Candid and natural Style of Wedding Photography - Orbit Photography

Candid and natural style of wedding photography

Story telling documentary approach


Devon wedding at Buckland House, Buckland Filleigh, Beaworthy EX21 5JD.

When looking for a wedding photographer, it doesn’t take long to realise that there are oodles of different styles out there: traditional, fine art, alternative, editorial, creative, natural, documentary, reportage, photo-journalist, real, vintage, boho, candid...

WTF!

It's all a bit baffling, especially when many terms are misused. So many options when all you want is a flipping good photographer; preferably one who isn’t a weirdo!

I am not a weirdo

While there's not much I can do about the multitude of options, what I can do is go some way to explaining my style of photography so at least you know what the blazes I'm all about.

Candid weddings

So after looking at my Homepage I hope you realise that I’m a very candid wedding photographer. And in plain English I think that this means...

"I tell the story of your wedding as it happened, not by orchestrating scenes, but by observing events before me and letting people get on with it, and in doing so avoiding the usual wedding photographer tropes and clichés."

This type of approach is most often described as natural, documentary, photojournalist, and reportage. You can read more about story telling documentary approach here.

Closer

I like to take my approach a step further. I get in close, I go with the flow in a photojournalist style and I try my best NOT to think like a wedding photographer with all the preconceived conventions and heart shaped group shots that seem to come with many wedding photographers.

It’s not a ‘picture perfect fantasy’

My style is super candid, close and personal, often raw and cheeky, sometimes ‘snapshot’ in feel but I think all these things give many of my pictures an evocative sense of place and time, immediacy and feeling and, importantly, a timelessness.

Marmite

As you can guess, my style is not for everyone and that’s fine because I don’t want everyone - I want you, a couple who want things a little different!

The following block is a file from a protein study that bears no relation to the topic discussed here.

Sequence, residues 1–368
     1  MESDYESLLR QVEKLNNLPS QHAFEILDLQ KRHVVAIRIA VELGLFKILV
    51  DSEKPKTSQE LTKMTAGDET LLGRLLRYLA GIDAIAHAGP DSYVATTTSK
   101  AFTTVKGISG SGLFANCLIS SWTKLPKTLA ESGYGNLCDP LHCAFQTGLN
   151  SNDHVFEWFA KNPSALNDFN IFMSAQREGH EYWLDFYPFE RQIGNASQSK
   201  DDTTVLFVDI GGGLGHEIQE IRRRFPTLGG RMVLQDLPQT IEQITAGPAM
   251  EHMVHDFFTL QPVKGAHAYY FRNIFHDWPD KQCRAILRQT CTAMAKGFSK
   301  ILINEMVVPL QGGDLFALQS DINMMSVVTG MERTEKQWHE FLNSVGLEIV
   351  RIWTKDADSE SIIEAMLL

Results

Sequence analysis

Key points about my approach

+ The candid and natural story of your day as it was, with lots of cool bits you might have missed - after all you’re quite busy

+ Nothing cringeworthy, no cheesy posing or setups, nor me running about like a demented chicken ticking off template wedding photos

+ A non-bossy, non-interfering laid-back guest at your wedding who’s got a couple of little cameras slung around his neck.

+ Photos of people being people - bold, real life pictures, full of characters and chutzpah. In other words you and your guests having a flipping good time without once deploying the ‘photo face’

+ The option to have a few portraits done if you need them - see examples of my relaxed portrait work here That’s probably enough talking. What you should really be doing is looking at my pictures so below is a selection with a few notes putting them into context with my style and explanation as to why I like them.


Wroxeter hotel wedding photographer

Bridal prep: by this stage of prep, Louise and her daughter no longer noticed me. Here we see a small but emotive moment as they play together no longer so conscious of me being in the room. I also like the framing of Louise' mother in the background this telling a little more of the story which is the aim of the documentary approach.

Alternative | Unposed | Candid wedding photography

This is one of my favourites from Emma & James' wedding and is representative of my shooting style: close to the subject with a wide angle lens and looking for very candid moments that tell a story. It's not by any means a traditional wedding photograph but it has a frankness to it that makes its own beauty.

St Elizabeth's House, Plymouth wedding photography

By keeping a low profile it's possible to capture shots of people just being people. Here I'm using an 85mm lens to allow a more discreet approach that has a cinematic look. I'm actually stood outside of the dining room, and I am able to capture this guest interacting normally with friends. By using the door frame on the right-hand side of the photo I'm also able to both create depth and draw the viewers' attention to the subject.

St Elizabeth's House, Plymouth wedding photography

It would be wrong to suggest that your guests have no idea I'm there. There will be lots of times when I get more involved to help get the shots I'm after and to be part of the fun! The dancefloor is one example of this where my approach is to get involved, get close and use flash. I love this part of the wedding. The pressure's off (including for me!) everyone's more than a little tipsy and the images are full of joie de vivre! You'll notice a lot of my dancefloor shots use direct flash - I love the energy and immediacy of this type of photography.

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